A few weeks ago my family spent a week at the beach. There’s this arcade on the boardwalk. I’m sure you know the kind: Drop a $20 in the change machine, hope your 8 year old can keep the Skee-Ball in her own lane, and then trade your tickets for some plastic toy that inevitably will provoke several sibling squabbles until it snaps in half a few days later.
Good ol’ American family fun!
As we dropped quarters in the machines, I noticed something interesting about my daughter’s approach to choosing which game to play that I thought had parallels to investing. She raced from game to game, chasing the ones she thought would give her the most tickets per play. When we made it to the prize counter, surprisingly, she ended with fewer total tickets than my son, who mainly just knocked over clowns with an air gun.
In the investing world, I think too many investors took a similar chase-the-return approach during 2020 and even now in 2021.
Those who hunted for returns in a haphazard way likely vastly underperformed, just like my daughter when she literally ran from game to game hoping to strike ticket gold.
It would have been a serious challenge for the average investor (or advisor) to keep up with the swinging pendulum of 2020 and 2021. Here are just a few examples:
Systematic Investing Makes Tomorrow’s Decision Today
Please don’t misunderstand me; it’s not that I think pursuing return is bad. After all, isn’t that the whole point of investing?!
Where I think the “bad thing” comes in is when investors chase returns without a concrete plan.
Those of us at Blueprint Investment Partners think there’s tremendous value in having a plan for all types of environments, regardless of the current state of the market. Pre-determining how you will react to a future event not only removes biases from impacting your decision-making ability, but also gives you the freedom to enjoy conditions in the present.
At Blueprint, our systematic investing plan is concrete, adaptable, and transparent. We invest in each major global asset class, and we make allocation adjustments based on the intermediate- and long-term trends taking place in each class.
We think the argument for taking this systematic, yet asset-class-agnostic approach was strengthened by the market disparities between 2020 and 2021. In 2020, you may have received an overall portfolio return below the long-term average unless you were disproportionately invested in very specific sectors or factors; in 2021, this is again true, but with an almost completely opposite set of holdings; and in both years you likely had a “smoother ride” if you used a systematic investing process to drive allocation decisions.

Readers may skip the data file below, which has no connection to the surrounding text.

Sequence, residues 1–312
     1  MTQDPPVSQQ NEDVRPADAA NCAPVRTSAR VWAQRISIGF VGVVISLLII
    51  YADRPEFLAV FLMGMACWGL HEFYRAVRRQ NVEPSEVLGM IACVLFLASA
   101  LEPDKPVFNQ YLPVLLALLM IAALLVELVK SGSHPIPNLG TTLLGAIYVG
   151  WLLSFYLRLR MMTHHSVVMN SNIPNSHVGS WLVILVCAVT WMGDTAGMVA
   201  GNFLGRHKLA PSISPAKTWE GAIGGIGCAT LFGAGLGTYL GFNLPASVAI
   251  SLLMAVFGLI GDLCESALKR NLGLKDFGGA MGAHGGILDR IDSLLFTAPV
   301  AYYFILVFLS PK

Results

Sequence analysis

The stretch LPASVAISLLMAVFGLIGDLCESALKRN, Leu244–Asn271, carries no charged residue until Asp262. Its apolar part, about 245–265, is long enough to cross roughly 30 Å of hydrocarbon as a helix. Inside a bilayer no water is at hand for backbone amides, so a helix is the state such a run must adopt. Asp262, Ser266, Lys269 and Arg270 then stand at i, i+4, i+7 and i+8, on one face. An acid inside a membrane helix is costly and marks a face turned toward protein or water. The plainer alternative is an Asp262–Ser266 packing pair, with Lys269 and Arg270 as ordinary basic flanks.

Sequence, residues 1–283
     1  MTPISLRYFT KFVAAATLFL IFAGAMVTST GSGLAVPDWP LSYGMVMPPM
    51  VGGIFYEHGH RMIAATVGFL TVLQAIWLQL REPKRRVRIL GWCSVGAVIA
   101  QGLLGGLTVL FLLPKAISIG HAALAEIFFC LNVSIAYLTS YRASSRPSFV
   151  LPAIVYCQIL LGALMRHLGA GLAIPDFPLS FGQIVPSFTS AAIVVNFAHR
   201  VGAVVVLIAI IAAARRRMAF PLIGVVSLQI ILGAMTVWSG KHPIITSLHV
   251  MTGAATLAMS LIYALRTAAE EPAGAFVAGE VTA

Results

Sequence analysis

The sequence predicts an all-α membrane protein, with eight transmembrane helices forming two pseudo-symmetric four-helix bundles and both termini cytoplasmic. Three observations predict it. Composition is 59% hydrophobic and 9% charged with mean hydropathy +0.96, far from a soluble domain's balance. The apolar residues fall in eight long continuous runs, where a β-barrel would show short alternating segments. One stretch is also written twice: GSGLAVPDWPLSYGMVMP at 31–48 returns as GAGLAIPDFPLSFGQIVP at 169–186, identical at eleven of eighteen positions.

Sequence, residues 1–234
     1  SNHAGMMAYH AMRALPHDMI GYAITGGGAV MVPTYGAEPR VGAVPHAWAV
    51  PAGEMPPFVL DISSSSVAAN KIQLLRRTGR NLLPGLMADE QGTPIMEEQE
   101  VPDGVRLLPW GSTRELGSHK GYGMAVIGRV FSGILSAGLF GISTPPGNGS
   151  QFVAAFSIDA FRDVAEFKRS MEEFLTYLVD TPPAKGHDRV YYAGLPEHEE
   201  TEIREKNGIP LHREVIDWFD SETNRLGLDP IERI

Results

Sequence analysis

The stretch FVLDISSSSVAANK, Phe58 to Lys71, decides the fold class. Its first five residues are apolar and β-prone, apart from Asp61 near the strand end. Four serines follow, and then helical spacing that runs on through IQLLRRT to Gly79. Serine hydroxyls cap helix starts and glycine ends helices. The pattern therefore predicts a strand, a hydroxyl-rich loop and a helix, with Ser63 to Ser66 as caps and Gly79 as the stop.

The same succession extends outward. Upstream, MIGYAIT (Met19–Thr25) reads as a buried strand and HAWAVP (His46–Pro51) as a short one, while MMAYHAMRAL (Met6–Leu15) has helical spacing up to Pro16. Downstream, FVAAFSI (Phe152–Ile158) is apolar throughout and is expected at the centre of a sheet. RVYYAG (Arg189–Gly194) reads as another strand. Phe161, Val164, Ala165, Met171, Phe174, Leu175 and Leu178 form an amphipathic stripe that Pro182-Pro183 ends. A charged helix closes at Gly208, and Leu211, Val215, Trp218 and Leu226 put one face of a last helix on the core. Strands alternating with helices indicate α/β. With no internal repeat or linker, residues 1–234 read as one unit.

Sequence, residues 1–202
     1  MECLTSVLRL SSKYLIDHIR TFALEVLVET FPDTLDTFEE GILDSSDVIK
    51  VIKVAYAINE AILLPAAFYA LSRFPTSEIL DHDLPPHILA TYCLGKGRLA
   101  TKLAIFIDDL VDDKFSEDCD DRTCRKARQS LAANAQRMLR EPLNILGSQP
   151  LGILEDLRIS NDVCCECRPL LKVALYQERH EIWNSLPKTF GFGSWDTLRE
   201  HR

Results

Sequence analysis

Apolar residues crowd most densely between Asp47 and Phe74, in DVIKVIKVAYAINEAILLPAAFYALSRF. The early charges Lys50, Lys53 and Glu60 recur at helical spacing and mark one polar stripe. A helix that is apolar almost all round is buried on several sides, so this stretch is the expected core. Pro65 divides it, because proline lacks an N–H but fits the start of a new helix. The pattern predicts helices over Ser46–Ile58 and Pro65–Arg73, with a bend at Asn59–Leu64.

Equity-Like Return, Bond-Like Risk/Volatility
Many financial advisors are familiar with the “periodic table” of asset class performance like the image below, which is a popular tool for illustrating the importance of diversification to clients.
Borrowing from chemistry, it shows calendar years from left to right, with individual asset classes lined up under each year in descending order of their performance. The main point is to show that any asset class can vary widely from one year to the next, going from a top performer to one of the worst. Thus, it is best to diversify.
Global Asset Class Annual Returns (2000-2020)click to enlarge
Source: ICE Data Services, 1/1/2000 to 1/31/2020
To help financial advisors visualize the impact of asset class diversification and time diversification, Blueprint has taken the “periodic table” concept a step further by adding:
- A buy-and-hold diversified portfolio to show the impact of asset class diversification
- A trend-followed diversified portfolio to illustrate the effect of asset class diversification and time diversification.
Financial advisors can download and review the Blueprint periodic table.
What jumps out to me when I look at Blueprint's periodic table is how using the trend-following approach provided a more stable progression through the table. Returns were only occasionally near the top, but also (and perhaps more importantly) they were rarely near the bottom (a testament to the ability of systematic investing to account for downside protection, in my view). We believe the final result over the full sample is a more equity-like return profile, but more bond-like risk/volatility behavior.
We think 2020 and so far in 2021 present near-perfect examples of why this is important. If you chased returns, or tried to catch the falling knife in fixed income, when you went to redeem your tickets at the arcade prize counter, you may only have received a Chinese finger trap. The alternative is an approach that may more consistently rewards players with three parachute men and a couple pieces of candy. It isn’t married to any one asset class or factor, but it is unwaveringly rooted in a philosophy of being systematic as a means of adapting to whatever sets of facts dominate the market.
If this is a topic you’d like to discuss further, I welcome the opportunity to chat. Please reach out anytime.